Depression - Therapy
Counseling and psychotherapy are important parts of treatment for depression. You will work with a mental health professional such as a psychologist, licensed professional counselor, clinical social worker, or psychiatrist. Together you will develop an action plan to treat your depression.
When you hear "counseling" or "therapy," you may think of lying on a couch and talking about your childhood. But most of these treatments don't look for hidden memories. They deal with how you think about things and how you act each day.
The first step is finding a therapist you trust and feel comfortable with. The therapist also should have experience treating people who have depression and should be trained in proven therapies. These therapies include:4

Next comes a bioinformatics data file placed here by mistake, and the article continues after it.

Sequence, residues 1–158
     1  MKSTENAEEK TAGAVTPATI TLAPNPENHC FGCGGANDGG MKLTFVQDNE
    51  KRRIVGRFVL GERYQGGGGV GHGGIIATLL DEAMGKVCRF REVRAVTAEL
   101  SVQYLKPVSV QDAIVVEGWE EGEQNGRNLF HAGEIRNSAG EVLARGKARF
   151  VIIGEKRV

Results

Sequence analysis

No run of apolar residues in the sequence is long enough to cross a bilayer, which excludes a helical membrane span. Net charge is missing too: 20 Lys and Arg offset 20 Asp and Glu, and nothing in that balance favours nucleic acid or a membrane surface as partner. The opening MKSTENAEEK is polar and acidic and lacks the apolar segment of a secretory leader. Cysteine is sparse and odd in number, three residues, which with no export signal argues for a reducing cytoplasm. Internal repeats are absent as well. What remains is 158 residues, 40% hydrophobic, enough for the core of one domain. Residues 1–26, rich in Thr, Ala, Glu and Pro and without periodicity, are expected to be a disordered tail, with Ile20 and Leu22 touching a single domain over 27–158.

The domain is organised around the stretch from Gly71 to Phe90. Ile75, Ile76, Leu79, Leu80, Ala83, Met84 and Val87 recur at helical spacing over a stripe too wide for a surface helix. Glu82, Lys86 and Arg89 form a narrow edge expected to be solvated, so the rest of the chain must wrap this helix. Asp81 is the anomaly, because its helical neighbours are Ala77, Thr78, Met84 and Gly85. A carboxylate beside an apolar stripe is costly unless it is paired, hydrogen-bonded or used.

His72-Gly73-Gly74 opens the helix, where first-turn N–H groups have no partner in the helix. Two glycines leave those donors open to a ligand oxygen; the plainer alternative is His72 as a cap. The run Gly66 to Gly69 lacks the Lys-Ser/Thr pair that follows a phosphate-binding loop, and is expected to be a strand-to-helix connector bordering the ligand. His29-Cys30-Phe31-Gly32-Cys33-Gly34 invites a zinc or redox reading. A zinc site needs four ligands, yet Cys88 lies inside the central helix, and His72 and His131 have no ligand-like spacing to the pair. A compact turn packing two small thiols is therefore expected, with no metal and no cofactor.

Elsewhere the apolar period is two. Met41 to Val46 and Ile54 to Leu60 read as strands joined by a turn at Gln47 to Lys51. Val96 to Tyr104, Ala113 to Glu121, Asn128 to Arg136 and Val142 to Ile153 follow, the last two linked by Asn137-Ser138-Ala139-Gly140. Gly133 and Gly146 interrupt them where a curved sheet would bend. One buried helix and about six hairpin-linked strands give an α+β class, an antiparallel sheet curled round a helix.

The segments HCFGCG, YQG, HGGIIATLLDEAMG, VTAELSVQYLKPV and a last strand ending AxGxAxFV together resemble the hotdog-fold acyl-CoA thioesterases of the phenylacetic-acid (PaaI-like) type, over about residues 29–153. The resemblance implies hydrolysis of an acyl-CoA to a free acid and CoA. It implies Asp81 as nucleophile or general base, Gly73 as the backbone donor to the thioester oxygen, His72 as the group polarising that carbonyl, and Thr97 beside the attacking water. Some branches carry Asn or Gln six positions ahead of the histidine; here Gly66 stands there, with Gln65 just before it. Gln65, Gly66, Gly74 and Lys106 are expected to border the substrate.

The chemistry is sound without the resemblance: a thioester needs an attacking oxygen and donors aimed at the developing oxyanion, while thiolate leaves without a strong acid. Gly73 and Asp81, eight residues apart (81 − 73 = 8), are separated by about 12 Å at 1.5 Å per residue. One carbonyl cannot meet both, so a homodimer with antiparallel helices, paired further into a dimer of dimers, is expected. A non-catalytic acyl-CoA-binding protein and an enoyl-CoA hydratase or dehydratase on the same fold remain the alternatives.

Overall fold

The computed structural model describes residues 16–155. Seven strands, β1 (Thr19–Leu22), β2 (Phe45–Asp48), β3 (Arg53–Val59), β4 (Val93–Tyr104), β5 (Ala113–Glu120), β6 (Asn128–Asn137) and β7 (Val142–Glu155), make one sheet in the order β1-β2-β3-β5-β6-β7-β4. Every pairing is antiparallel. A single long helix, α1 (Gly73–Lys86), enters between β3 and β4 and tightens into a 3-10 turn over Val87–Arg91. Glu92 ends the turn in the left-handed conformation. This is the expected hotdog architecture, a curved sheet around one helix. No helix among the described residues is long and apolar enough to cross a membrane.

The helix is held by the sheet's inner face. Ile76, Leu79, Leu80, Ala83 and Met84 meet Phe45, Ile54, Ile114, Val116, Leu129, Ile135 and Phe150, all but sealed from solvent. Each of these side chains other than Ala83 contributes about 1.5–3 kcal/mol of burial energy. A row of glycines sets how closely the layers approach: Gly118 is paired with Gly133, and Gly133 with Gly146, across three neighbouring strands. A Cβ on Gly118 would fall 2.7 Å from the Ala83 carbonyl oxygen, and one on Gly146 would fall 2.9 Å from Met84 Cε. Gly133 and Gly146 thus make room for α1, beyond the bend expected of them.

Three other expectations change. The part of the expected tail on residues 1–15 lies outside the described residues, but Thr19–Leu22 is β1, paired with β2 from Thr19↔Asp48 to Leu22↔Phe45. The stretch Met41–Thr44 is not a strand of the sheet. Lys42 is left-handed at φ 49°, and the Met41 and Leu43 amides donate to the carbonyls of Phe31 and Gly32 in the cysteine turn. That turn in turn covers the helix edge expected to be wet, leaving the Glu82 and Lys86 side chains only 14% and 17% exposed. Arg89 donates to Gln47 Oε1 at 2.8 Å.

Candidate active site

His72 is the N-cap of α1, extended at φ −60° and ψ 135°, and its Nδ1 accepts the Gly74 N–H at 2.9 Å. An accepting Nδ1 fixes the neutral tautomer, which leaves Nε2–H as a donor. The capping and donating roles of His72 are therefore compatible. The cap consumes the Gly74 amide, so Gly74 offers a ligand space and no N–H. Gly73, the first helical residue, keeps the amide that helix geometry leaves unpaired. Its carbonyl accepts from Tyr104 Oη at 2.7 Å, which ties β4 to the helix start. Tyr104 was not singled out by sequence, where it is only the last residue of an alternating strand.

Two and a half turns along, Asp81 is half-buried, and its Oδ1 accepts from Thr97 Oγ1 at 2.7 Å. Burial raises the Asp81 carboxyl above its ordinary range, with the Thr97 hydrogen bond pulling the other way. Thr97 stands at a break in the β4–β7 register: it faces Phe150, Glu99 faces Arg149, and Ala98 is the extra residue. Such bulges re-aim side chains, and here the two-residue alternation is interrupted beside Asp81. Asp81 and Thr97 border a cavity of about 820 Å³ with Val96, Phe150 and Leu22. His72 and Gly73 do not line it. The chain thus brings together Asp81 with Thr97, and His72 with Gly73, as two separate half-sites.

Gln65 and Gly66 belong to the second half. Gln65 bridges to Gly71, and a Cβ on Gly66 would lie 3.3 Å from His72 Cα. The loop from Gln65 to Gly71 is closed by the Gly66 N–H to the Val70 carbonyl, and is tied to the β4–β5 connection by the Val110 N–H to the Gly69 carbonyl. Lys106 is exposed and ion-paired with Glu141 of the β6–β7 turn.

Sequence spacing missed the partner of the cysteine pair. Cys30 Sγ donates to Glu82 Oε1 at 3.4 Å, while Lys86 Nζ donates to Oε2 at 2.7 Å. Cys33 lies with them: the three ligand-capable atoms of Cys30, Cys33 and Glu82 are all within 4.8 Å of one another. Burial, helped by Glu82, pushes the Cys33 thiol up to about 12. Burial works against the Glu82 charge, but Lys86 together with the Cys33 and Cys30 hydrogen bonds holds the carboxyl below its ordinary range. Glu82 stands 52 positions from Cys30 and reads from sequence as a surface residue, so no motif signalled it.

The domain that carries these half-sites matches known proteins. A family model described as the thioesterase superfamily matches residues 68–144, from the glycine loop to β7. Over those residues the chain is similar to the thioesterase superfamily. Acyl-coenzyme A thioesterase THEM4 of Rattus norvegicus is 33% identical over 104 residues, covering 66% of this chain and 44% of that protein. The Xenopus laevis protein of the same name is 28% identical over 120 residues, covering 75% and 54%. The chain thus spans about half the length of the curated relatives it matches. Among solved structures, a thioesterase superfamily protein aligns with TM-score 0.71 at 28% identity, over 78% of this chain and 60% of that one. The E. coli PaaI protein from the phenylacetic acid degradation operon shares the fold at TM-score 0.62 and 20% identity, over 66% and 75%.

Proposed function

Other therapies that have helped people with depression are:5, 6
- Acceptance and commitment therapy (ACT). In ACT, you work with a therapist to learn to accept your negative feelings but not let them run your life. You learn to make choices and act based on your personal values, not negative feelings.
- Mindfulness-based therapies, such as Mindfulness-Based Stress Reduction or Mindfulness-Based Cognitive Therapy. These treatments help you to focus your attention on what is happening at the moment without trying to change it. These strategies teach you to let go of past regrets and not worry about the future. For people who have had more than one episode of depression, Mindfulness-Based Cognitive Therapy may help reduce the risk of relapse.
Other treatments you may have heard of include problem-solving therapy, which looks at your current problems and helps you solve them, and family therapy, which brings you and your family together to discuss your relationships and depression. Experts don't know how well these therapies work for depression.4 Problem-solving therapy may be especially helpful for older adults.7